Reports in the press today suggest that the EU intends to bring forward “formal proposals this autumn” to introduce automatic speed controls -known as “Intelligent Speed Adaptation” or ISA, into cars. This is quite simply not true and the Commission had made this very clear to the journalists concerned.
The Mail on Sunday for example, uses a quote from a Commission spokesman but chooses to leave out the first and most important sentence given to the paper’s reporter, which was this:
“The Commission has not tabled – and does not have in the pipeline – even a non-binding Recommendation, let alone anything more.”
For the record, the rest of the quote supplied said this:
“The Commission has supported past research into ISA. There is a current stakeholder consultation and study focusing on speed limiting technology already fitted to HGVs and buses. One aspect of that is whether ISA could in the long-term be an alternative.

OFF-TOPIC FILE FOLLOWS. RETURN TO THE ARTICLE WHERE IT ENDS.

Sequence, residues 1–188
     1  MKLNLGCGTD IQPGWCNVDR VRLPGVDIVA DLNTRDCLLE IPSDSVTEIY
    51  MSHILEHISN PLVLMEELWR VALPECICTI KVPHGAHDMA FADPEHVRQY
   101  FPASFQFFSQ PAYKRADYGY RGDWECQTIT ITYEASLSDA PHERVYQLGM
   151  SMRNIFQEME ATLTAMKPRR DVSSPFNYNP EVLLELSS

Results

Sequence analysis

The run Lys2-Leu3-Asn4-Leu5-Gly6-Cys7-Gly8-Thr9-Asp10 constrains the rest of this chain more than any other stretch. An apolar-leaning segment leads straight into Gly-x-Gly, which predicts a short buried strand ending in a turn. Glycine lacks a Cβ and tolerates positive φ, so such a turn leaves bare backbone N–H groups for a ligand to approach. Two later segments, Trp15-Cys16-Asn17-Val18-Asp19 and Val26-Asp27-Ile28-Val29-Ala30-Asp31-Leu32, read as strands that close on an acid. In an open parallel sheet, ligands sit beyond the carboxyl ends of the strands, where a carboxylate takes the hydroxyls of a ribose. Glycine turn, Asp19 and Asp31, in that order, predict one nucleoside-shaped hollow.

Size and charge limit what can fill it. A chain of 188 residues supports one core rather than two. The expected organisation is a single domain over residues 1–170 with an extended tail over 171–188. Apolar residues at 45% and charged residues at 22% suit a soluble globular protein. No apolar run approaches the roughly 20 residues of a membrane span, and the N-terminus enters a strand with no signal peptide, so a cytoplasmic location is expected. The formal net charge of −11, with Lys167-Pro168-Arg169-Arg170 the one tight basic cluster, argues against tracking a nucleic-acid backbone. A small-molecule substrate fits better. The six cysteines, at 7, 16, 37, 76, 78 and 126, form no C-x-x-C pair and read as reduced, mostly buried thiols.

And a second consultation on in-vehicle safety systems in general. Taking account of the consultation results, the Commission will publish in the autumn a document by its technical experts which will no doubt refer to ISA among many other things. That is all. (NB such “staff working documents” are not adopted by the Commission at political level and have no legal status.) Nothing more is expected in the foreseeable future.
It is part of the EC’s job – because it has been mandated to do so by Member States, including the UK – to look at, promote research into and consult stakeholders about new road safety technology which might ultimately save lives. This is done in close cooperation with Member States and the UK has generally supported such efforts.”
It might also seem strange to some that the UK government -if the press reports are accurate at least in that respect – apparently objects so violently to even being consulted about a range of future ways in which lives could be saved on Europe’s roads.